Peace Lutheran Church

Worship: Sundays at 10 AM
Address: 3201 Camino Tassajara, Danville, CA 94506

Connecting with Artists

Current Artist Showing

Mary LaCasse:  Artist, Author, Educator

Mary LaCasse is a visual artist, author and educator who splits her time between Portland, Oregon and Danville, California.
After a dozen years of working in corporate design and advertising, she returned to fine arts in mid life and earned an MFA. She was awarded a teaching fellowship at the University of Oregon and then spent twenty years as an art and design instructor and administrator at Portland Community College.
Mary paints, draws, takes road trip pictures and adds new media when an idea presents itself. In recent years, her grandchildren have brought fresh energy into her studio and her artworks. “Play” has been a priority. She teaches workshops on intuitive mark making and “writing as image” when she is not traveling, hiking, gardening, or hanging out with her grandkids.
Her work is in private and public collections.  Following is a brief description of the artworks in this exhibit:
“EMERGENCE” is a new series of large, intuitive paintings that were inspired by “finger painting” with my grandchildren in the studio. I saw how much fun the kids were having and tried it myself. It was a blast!
Eventually, I experimented with Crisco like tempera paint spread by hand onto large, thick, taped together sheets of paper. I loved the way images spontaneously emerged as the painting developed. Sometimes figures appeared, often standing in water. Snakes, chickens, monks, and angel shapes moved in and out of the composition. I never new who or what would show up. A variety of images created using this process are included on the walls in the exhibit. Viewers are encouraged to try the process themselves! We are never too old to play (although you may wish to wear plastic gloves).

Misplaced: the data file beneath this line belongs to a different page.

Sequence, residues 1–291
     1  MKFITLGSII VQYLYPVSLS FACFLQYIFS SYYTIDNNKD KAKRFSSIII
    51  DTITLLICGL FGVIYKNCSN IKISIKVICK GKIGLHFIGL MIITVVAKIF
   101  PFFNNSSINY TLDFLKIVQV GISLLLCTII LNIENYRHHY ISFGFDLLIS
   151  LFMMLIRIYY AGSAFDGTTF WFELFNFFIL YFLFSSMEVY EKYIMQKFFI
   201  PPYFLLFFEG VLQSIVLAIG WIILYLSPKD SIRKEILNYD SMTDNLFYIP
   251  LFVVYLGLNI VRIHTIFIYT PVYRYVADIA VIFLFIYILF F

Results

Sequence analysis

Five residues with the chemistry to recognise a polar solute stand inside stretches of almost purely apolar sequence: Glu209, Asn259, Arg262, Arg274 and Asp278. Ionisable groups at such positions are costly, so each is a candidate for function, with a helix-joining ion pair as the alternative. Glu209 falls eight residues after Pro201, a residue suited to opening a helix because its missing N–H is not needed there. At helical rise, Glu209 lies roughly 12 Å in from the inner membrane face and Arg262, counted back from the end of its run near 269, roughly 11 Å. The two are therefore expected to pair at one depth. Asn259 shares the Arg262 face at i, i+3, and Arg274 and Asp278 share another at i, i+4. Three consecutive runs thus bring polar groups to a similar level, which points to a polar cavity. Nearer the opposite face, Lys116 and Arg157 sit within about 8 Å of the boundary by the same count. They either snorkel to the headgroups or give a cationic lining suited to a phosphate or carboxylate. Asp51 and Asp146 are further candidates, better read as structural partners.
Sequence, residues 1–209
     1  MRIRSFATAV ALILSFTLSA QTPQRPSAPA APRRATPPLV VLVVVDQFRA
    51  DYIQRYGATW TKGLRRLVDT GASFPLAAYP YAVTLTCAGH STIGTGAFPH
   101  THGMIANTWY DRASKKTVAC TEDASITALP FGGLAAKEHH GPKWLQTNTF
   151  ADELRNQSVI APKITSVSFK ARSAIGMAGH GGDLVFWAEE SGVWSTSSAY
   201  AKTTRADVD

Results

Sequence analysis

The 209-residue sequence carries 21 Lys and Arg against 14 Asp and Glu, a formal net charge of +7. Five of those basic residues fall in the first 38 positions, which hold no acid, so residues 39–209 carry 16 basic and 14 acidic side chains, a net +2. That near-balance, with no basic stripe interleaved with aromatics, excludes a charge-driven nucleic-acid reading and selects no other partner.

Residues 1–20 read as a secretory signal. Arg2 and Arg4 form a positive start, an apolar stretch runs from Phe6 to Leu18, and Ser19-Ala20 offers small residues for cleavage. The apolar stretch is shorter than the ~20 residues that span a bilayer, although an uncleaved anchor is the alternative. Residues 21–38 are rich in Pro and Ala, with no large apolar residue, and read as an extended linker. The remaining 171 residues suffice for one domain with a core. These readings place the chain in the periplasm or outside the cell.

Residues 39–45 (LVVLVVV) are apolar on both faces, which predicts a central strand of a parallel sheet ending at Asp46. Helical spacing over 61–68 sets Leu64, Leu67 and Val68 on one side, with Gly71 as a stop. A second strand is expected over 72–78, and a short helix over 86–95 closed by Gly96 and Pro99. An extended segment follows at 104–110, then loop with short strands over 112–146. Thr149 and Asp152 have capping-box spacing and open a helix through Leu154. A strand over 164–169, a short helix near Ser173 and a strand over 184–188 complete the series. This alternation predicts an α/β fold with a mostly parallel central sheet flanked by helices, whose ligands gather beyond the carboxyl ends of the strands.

Also on display are remnants from previous shows I’ve had over the years.
“DICTATION FROM THE SOUL: Writing the Image” involves “free writing” to discover ideas and create drawings using chalk pastel on paper.  Many layers go into this process and the results are always a surprise. Any media and scale can work with this idea, including pencils, markers, paint, sketchbooks, and canvas.
“INNER AND OUTER LANDSCAPES” evolved while making artwork based on imagery found in dreams, myth and the natural landscape. I also took photographs and made a few “odd” sculptures. For many years, I kept track of dreams and worked some of the characters, animals and settings into big black and white charcoal drawings. Myth, social issues, and stories were also a source of inspiration. The Cherokee myth about two hungry wolves that live inside each of us generated “Which One Shall We Feed.” At the same time, I was writing and painting in small journals while I traveled. A few larger drawings were made on site in Zion National Park.
Along with the drawings, I began to take “Road Trip Photos.” When I didn’t have time to stop the car, I simply pointed the camera out the window without looking through the viewfinder and clicked the shutter. For safety reasons, I never took my hand off the steering wheel or my eyes off the road.  When I got home, it was always fun to see what fleeting moments and unusual details the camera had captured. Out of maybe 200 images per trip, perhaps 5 might have held some odd, interesting or political “magic.” No images were cropped or manipulated by the computer.
“FACES FROM KENYA” was a collection of pastel drawings of women and children I made after touring schools and wildlife parks in Kenya a number of years ago. The women seemed strong, proud and beautiful, their children cherished despite the harsh conditions in which they lived. In some images, I used film “negatives” from which to capture (not surprisingly) the sense of role reversal I felt there—that I was an outsider, white, a minority, and viewed with suspicion. I still think of the statuesque Samburu woman who at age twenty-one was mother to five young children, two of whom were tucked into colorful cloth tied to her body.
“SIFTING THROUGH GOLD: Precious Women Elders Comment on Aging, Turning Points, and Love” is a book project and website that took nearly three years to complete. In it, I describe my relationship with five elder women friends and share their stories, writing, poetry, artwork, and answers to questions about what really matters to them after having lived a very long time. Physical limitations have not deterred the spirit or will of these women to live rich, creative and meaningful lives. Included in the book are questions and ideas for readers who wish to collect stories of the women elders in their lives.
I hope you enjoy this “Journey through the Imagination, and the Blessings of the Creative Process.”
Peace to you.
Mary LaCasse

Connecting with Artists

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